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Campaign: Stop! Domestic violence

Campaign: Stop! Domestic violence
When people live close together conflicts can arise. Reports of domestic violence on an almost daily basis might lead us to believe that violence in the home has increased. In actual fact, it has always existed within families. Thanks to institutions such as women's refuges and advice centres, the public is now more aware of this issue. For example, violence is no longer an internal family problem, instead it affects everyone. Those who engage in violence are liable to prosecution. The police will intervene if called. Outsiders are, therefore, also obliged to inform the police if they know about violence in order to protect the victim and bring the perpetrators to justice. 
Domestic violence includes:
  • Emotional violence
  • Physical violence
  • Sexual violence
  • Economic violence
The following are punishable offences:
  • Beating
  • Locking up
  • Verbal abuse, threats, threats with weapons
  • Using weapons
  • Sexual harassment, rape
Domestic violence, however, begins even earlier on with malicious acts:
  • Neglect
  • Withholding money
  • Bullying
  • Unreasonable controlling
  • Isolation and prohibiting human contact

Continue to put up with it – or resist?
After years of oppression, vilification and violence many people are past defending themselves. They will have lost their self-confidence a long time ago and may even believe that it is their fault that they are in that situation.

There are, however, also obvious reasons why women in particular remain in violent relationships: financial dependency, responsibility to children or loss of residence permits. What these people need is someone to show them understanding and support.

Nothing can justify violence. Every individual deserves to be loved and respected. The law is clearly on the side of victims in this regard. They should use the rights to which they are entitled as a Swiss citizen and seek help.
Protection against domestic violence:
  •  Call the police immediately if you are being threatened.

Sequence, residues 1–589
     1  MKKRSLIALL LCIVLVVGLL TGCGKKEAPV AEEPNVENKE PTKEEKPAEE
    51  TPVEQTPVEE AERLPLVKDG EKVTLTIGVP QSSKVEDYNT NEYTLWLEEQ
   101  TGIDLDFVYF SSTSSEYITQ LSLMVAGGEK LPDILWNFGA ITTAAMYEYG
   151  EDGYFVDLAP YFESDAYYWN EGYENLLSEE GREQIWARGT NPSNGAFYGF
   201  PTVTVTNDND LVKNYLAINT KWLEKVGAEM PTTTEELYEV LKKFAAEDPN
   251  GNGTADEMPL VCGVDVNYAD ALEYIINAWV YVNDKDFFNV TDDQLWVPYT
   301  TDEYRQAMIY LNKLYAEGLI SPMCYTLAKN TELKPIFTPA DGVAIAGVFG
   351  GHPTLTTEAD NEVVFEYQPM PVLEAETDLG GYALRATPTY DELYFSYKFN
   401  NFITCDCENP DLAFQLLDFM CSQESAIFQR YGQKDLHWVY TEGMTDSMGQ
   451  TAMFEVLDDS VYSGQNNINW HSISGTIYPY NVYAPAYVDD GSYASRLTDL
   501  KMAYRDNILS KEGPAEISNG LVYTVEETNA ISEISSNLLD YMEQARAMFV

• Report offences to the police.
  • Contact a free advice centre. For an overview visit and .
  • Get a protection order issued by the civil court (overview of all courts at The court allocates apartments, awards custody of the children and determines the man's alimony obligation.
  • Find someone you can trust and whom you can call for help in an emergency.
  • Keep personal items such as your ID, bank details, residence permit etc. in a safe place.
  • Devise an emergency plan and make arrangements with the children.
  • Carefully plan your departure beforehand.
  • Always have an emergency bag packed and arrange in advance where to go.
Remain powerless - or take responsibility?
Violent people are often controlled by compulsions and try to suppress negative emotions such as aggression, powerlessness and fear.

In doing so they usually blame their anger on the situation or on others and refuse to take responsibility for their own deeds and actions. There is no excuse for violence, especially not in the family. There is no shame in having problems. However, help should be sought before it is too late.
What you can do as the perpetrator:
  • Contact an advice centre for violent men.
  • Speak to people you are close to about your feelings and problems.
  • Learn how others handle pressurised situations and anger.
  • Think about how to react next time in a similar situation.
  • Step back at the first sign of stress and conflict.
  • Leave the house when you realise "it" has reached that point again.
  • Take a walk or talk to friends.
  • Seek help from a doctor, psychologist or advice centre.
  • Perhaps talk to a confidant at work about your problem with violence.
Campaign: Stop! Domestic violence
Intervening in an internal family argument takes a lot of courage. Many people are also afraid of getting caught up in the cycle of violence themselves.

It is important to react early to protect the victim. No one is expected to put themselves in physical danger and act directly. Calling the police in good time may save lives!
What to do as an outsider:
  • Call the police in an emergency.
  • Do not put yourself in danger.
  • Talk to the victim.
  • Show understanding and compassion.
  • Take what the victim says seriously.
  • Make it clear that it is not his or her personal problem, but rather a widespread problem.
  • Refer him or her to the Swiss Victim Protection Law (Opferschutzgesetz).
  • Offer personal help and a possible refuge.
  • Be patient if the offer of help is not taken up immediately.
  • Gather information about help available and give it to the victim.
  • Stick to your own limits and do not consider yourself the problem solver.
  • Speak to the violent person about his or her behaviour without being judgemental and refer to help available.

The brochure is available in the following languages:
deutsch: «Stopp! Häusliche Gewalt»
français: «Stop! Violence domestique«
italiano: «Basta! Violenza domestica»
english: «Stop! Domestic violence»
espagñol: «¡Alto! – Violencia doméstica»
portugués: «BASTA! – Violência Doméstica»

Created: 22.11.2010 | Changed: 07.04.2011


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